Random Firings of Neurons

The rest of your life is going to be spent getting back up after life has knocked you down again. You might as well just get used to it.

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Location: Round Rock, Texas, United States

Thursday, August 04, 2005

On Doctors and Reasons to Hate Them

I have good news, and I have bad news, and I have could-be-good-or-bad news. What do you want to hear first?

Let's go with the bad news first. The neurologist I saw today was surprised at the level of atrophy in my hand- too much to have happened in only two months. So, this might have been going on longer, under the radar, than I had originally thought. As of right now, there are no (zip, zero, nada) nerve impulses getting through to my hand. But, hey... at least it's only pinched and not cut, right?

Could-be-good-or-bad news is that he (or a neurosurgeon that he knows) might be able to fix it if he can locate where the nerve is pinched, and if it wasn't pinched too badly for too long, and if the surgeon can free it without causing more problems. Yes, there are a lot of ifs there, but, at least he didn't tell that there's nothing he can do and have a nice life.

I go back next week so that the good doctor can hook a bunch of electrodes to my arm to try (successfully, we hope) to find out exactly where the pinch is. Then he can tell the surgeon exactly where to slice and dice on my arm.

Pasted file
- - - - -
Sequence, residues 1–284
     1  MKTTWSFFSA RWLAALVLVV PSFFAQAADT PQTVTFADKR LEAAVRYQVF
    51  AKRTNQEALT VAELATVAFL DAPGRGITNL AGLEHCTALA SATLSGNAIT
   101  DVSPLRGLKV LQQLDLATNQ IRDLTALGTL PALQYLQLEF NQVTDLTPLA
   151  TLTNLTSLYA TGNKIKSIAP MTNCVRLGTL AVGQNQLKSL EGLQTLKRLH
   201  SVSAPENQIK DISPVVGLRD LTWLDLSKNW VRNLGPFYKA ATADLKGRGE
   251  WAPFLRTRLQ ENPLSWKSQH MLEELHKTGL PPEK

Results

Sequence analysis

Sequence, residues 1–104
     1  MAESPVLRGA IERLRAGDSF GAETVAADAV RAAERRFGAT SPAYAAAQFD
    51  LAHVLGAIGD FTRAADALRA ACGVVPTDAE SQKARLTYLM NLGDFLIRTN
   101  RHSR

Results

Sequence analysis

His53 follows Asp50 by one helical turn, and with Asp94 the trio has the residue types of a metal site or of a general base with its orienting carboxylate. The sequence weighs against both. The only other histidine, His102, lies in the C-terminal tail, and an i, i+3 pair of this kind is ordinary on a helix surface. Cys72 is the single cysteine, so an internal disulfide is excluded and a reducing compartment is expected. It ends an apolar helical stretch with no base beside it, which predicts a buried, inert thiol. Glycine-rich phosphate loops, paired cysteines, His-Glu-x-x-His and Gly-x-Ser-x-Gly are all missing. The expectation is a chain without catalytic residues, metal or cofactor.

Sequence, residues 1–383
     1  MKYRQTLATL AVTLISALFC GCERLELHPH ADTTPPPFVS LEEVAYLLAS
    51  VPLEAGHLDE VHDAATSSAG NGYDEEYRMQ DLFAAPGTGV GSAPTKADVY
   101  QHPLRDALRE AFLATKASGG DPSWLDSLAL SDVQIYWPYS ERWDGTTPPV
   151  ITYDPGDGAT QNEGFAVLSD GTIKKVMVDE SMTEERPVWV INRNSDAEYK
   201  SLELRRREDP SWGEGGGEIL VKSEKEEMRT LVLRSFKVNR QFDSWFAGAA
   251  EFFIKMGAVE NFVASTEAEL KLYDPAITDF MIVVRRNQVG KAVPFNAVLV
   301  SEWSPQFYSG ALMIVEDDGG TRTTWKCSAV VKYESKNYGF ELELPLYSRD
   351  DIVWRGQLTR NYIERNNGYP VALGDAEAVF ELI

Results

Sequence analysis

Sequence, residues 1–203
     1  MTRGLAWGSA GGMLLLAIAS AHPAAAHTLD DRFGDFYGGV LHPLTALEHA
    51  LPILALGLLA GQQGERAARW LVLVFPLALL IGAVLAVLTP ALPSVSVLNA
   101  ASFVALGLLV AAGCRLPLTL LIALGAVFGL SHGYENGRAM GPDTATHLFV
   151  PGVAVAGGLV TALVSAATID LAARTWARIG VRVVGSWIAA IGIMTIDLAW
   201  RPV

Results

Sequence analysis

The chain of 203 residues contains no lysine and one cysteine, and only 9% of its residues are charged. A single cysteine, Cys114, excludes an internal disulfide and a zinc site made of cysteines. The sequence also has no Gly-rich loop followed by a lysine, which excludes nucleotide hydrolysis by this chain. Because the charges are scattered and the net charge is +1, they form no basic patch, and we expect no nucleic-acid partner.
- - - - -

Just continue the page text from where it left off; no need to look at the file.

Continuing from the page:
Ah, yes, the good news. You can read all of the Sherlock Holmes short stories in (almost) one sitting. Okay, it took me about two weeks to read all 3000 pages. The down side to that, however, is that I have discovered a group of people worse than Trekkies. Sherlock Holmes fanatics should be avoided at all costs. You have been warned. Those freaks actually believe Sherlock Holmes was a real person, Dr. John Watson wrote the stories, and Sir Arthur Conan Doyle just took the credit. Evidently, there are volumes of books written on where Holmes went to school (Cambridge or Oxford), whether Sherlock was a man or woman, and countless pages devoted to where the events of the stories actually occured.

Semper Fidelis: Always Faithful, to God, Corps and Country